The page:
This is also probably the hardest market for Toyota to crack, they are not selling anywhere near what the goals were for the Tundra initially.  In fact, they converted one plant to build crossovers and all production of the Tundra is now in San Antonio.

  • avatar
    San Giuseppe

    Ford has the second best selling compact truck in the Ranger and they want to kill it because…?

    • 0 avatar

      It’s by far the least updated nameplate on the list; Ford must make some serious coin on that little truck. Makes me wonder what sales would be if it was given a total makeover, complete with a new(ish) platform.

    • 0 avatar

      @ Monty (Burns)
      Australia has just received a new one – is that the US model too? Is it the same as the Mazda BT-50? We get a new 3L I4 turbo diesel. It won’t be able to unseat the Hilux/Tacoma in Australia however.

  • avatar

    Do people still contend that full-size PUs are being bought for the trades? They’re in some of the most severely effected unemployed groups. Those guys (construction, plumbing, electrical) are sitting on their arses just now with an already underwater previous boom/bubble pickup lease they can’t afford.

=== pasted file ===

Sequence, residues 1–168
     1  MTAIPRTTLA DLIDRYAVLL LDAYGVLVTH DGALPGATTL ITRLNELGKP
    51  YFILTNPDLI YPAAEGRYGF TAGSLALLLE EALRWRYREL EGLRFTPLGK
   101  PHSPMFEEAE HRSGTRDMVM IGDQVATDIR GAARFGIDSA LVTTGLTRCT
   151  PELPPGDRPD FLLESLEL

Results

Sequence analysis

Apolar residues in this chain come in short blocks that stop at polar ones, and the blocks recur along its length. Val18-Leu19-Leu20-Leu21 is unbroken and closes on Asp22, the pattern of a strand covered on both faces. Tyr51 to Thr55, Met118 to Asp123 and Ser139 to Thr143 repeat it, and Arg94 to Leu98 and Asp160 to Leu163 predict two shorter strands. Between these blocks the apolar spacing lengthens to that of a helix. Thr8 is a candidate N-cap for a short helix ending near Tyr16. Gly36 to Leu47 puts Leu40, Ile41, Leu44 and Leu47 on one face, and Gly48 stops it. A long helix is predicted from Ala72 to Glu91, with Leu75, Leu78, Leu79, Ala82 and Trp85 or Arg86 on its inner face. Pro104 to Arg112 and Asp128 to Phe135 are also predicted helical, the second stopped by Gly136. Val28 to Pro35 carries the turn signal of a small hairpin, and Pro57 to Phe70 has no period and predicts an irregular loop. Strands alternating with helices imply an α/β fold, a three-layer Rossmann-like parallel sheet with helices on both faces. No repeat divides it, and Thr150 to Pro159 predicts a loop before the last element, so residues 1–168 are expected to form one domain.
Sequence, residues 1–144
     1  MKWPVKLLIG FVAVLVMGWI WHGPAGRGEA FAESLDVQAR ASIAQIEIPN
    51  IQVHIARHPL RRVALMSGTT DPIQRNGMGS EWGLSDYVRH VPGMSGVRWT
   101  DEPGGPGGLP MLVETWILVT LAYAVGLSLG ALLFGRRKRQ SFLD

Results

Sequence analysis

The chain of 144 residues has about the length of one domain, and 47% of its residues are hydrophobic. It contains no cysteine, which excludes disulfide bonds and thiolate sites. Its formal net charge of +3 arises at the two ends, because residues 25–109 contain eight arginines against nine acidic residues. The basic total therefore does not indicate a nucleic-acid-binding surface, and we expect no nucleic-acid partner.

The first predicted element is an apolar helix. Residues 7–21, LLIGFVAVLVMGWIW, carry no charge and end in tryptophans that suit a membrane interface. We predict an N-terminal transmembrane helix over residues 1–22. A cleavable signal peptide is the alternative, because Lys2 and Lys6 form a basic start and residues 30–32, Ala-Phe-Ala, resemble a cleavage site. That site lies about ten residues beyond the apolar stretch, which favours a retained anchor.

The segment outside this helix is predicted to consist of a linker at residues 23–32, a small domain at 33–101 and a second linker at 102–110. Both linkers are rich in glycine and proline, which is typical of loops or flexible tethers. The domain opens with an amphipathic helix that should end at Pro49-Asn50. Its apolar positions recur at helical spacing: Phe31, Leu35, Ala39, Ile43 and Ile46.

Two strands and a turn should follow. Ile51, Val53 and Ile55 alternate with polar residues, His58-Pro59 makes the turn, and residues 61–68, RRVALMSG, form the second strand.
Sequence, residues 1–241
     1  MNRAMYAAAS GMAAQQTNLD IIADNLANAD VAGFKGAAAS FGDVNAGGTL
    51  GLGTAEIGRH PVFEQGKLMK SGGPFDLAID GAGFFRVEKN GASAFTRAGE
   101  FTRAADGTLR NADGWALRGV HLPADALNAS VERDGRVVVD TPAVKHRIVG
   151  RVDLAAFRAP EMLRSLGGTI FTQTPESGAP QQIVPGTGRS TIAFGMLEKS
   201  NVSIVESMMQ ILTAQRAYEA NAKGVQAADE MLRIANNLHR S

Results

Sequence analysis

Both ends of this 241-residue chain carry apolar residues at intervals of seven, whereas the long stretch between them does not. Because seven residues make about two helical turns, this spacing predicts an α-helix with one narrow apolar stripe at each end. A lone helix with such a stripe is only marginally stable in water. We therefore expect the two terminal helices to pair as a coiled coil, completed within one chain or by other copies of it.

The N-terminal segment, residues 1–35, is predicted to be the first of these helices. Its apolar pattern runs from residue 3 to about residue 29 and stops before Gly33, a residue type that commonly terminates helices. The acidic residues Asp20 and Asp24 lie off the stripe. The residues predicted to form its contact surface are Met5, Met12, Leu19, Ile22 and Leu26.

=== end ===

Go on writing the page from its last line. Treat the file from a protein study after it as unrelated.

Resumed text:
Who the heck is buying these things? Is dwford out there somewhere, can you enlighten us/me?

  • avatar

    As far as lamenting that Nissan would triple their (anemic) sales with a regular cab? No way. And Honda’s Ridgeline? A certified sales failure.

    • 0 avatar

      Yeah, that jumped out at me, too. All of the reviewers loved that truck but it’s been a total failure on the sales charts.

    • 0 avatar

      I’m pretty sure that Mexico doesn’t count with the 25% Tax
      Tell us why “No way” on Titan sales increasing if they had a regular cab.
      Nissan $27120
      Chevrolet $21845
      Dodge $21510
      Toyota $24105
      Ford $22355
      Price is why the Titan doesn’t sell, work truck buyers won’t pay that much for it. Work truck buyers want inexpensive full size trucks.
      with black bumpers, vinyl seats, regular cabs
      doesn’t even need the V8
      Nissan should have been selling a plain Titan all along, regular cab, 4.0L V6

  • avatar
    Dr Lemming

    Interesting that Toyota and Nissan’s mid-sized entries are outselling their big trucks.  Entering the full-sized class was a very expensive mistake for both of them.

    • 0 avatar